Strict liability for data breaches?

'An ounce of protection is worth a kilogram of cure'

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The law doesn't define reasonable. There are lots of ways to define it - common practice, industry standards, best practices, whatever everybody else is doing. If nobody else is securing the data, then you don't have to either, do you? I mean, ten thousand lemmings can't possibly be wrong, can they?

Indeed, in this case the federal court found that the mortgage company was not negligent. The court found that the mortgage company had written security policies (but did not address the adequacy of these policies), had current risk assessment reports (but didn't address what the company actually did with these reports) - and, at least according to an affidavit of the expert hired by the mortgage company (no conflict of interest there), had "proper safeguards for its customers' personal information". Thus, the court concluded, they had complied with the statutory provisions of the GLBA, and couldn't have been negligent, could they? Indeed, the court noted dismissively and literally, "despite Guin's persistent argument that any nonpublic personal information stored on a laptop computer should be encrypted, the GLB Act does not contain any such requirement." Well, duh. The GLBA just says have reasonable measures to protect the data - it also doesn't say that you have to use SSL on their website, or that you have to have a firewall, or that the firewall has to be properly configured, or that you have to change the default passwords, or that you have to do a thousand other security things that are reasonable to do. Indeed, the entire security guidelines of GLBA can be printed on the back of a napkin. It establishes goals - not procedures. It is not surprising that the GLBA does not require encryption on stored data.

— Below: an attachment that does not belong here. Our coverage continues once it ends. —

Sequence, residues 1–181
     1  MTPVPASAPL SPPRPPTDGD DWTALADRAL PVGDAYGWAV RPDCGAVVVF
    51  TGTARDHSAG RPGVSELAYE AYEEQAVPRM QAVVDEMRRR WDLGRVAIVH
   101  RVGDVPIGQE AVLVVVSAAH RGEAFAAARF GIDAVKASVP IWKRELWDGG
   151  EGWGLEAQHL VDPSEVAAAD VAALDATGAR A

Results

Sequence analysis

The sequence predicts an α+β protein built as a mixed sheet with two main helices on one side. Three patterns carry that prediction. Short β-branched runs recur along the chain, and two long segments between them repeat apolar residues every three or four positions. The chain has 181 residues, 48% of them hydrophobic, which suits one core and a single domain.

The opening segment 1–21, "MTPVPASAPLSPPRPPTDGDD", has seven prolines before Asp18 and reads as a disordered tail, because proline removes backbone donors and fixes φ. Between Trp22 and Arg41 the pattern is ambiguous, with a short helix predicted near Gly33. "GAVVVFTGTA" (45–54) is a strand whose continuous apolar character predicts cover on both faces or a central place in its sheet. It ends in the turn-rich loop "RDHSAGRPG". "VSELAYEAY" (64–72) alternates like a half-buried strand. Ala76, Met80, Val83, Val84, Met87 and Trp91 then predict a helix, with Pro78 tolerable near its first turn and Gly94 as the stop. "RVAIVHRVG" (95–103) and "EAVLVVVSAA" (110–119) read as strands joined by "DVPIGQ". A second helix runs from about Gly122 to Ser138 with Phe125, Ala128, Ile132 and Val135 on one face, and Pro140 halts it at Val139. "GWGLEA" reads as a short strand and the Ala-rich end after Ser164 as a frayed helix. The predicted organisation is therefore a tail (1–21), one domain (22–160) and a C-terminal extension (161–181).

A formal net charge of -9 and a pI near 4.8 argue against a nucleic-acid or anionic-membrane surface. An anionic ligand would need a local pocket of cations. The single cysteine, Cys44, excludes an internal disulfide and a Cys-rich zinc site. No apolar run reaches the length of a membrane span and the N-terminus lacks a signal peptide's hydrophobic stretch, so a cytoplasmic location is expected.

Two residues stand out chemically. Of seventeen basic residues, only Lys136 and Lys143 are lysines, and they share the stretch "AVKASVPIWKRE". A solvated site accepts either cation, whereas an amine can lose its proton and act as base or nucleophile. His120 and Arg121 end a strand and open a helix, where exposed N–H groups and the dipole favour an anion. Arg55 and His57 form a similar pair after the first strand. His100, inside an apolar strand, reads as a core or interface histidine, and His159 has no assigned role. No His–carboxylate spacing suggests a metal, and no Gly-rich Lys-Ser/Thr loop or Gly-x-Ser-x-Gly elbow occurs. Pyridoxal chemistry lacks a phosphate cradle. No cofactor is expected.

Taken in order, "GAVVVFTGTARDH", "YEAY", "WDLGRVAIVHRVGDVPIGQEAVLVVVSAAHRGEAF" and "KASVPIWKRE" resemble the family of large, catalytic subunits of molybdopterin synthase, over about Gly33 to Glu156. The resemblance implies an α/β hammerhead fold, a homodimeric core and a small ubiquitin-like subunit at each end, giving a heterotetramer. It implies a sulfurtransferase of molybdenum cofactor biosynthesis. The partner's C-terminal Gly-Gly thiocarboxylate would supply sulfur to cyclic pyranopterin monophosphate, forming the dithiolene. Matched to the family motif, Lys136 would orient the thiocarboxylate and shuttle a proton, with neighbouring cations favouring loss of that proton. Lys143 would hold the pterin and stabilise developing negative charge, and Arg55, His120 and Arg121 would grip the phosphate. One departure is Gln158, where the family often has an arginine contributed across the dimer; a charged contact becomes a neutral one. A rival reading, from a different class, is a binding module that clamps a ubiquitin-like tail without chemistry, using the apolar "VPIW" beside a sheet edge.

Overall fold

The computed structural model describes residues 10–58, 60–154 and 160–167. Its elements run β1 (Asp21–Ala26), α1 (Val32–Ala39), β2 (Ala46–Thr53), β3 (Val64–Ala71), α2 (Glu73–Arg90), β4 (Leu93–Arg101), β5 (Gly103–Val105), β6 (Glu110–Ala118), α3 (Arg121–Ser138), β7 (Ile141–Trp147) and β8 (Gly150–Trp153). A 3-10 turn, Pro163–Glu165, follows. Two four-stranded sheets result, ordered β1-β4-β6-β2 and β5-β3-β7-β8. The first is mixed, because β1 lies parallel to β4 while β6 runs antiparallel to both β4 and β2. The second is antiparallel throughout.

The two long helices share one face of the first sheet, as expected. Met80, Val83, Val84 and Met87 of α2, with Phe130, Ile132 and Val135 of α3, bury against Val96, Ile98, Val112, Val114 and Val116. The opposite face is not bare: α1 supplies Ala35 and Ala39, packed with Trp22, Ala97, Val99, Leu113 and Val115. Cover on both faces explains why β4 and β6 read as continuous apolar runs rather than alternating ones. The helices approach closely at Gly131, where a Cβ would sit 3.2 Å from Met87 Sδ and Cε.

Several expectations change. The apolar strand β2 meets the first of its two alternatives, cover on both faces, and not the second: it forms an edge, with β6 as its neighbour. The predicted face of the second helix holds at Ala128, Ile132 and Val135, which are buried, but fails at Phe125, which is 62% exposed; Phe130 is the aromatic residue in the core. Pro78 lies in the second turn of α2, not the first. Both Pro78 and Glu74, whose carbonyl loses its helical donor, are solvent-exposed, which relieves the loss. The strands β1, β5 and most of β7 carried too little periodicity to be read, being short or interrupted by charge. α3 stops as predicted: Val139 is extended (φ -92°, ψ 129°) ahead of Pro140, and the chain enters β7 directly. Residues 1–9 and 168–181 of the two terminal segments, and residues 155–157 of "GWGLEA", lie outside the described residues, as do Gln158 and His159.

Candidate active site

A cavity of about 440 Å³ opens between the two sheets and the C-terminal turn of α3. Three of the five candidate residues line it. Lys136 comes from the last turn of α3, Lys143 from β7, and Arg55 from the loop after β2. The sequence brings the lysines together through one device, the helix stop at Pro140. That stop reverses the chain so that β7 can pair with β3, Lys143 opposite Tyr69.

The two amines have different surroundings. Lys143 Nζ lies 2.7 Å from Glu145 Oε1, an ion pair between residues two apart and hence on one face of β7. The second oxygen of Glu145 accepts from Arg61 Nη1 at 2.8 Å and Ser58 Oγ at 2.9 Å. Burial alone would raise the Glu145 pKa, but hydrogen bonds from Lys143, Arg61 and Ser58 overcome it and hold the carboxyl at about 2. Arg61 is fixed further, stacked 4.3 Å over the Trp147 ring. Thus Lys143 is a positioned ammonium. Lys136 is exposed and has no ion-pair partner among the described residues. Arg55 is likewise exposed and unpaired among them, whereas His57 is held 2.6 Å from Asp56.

The court concluded that it was not foreseeable that the laptop containing this information, being kept in this home office, might be the subject of a burglary. The court even deemed the location to be a "relatively safe" neighborhood in suburban Washington DC. This is despite the fact that last year alone there were a large number of laptop thefts across the United States.

The court also found that the people whose data was lost (well, stolen) could not demonstrate any "damages" as a result of the conduct. Indeed, it is more than likely that in this case - as in the case of most "losses" of data through misplaced disks or stolen computers - the data was either simply mislaid or the computer was stolen for the hardware itself. However, it is different for the court to say that the plaintiff's damages are "slight" from saying there are none at all.

Was the company negligent?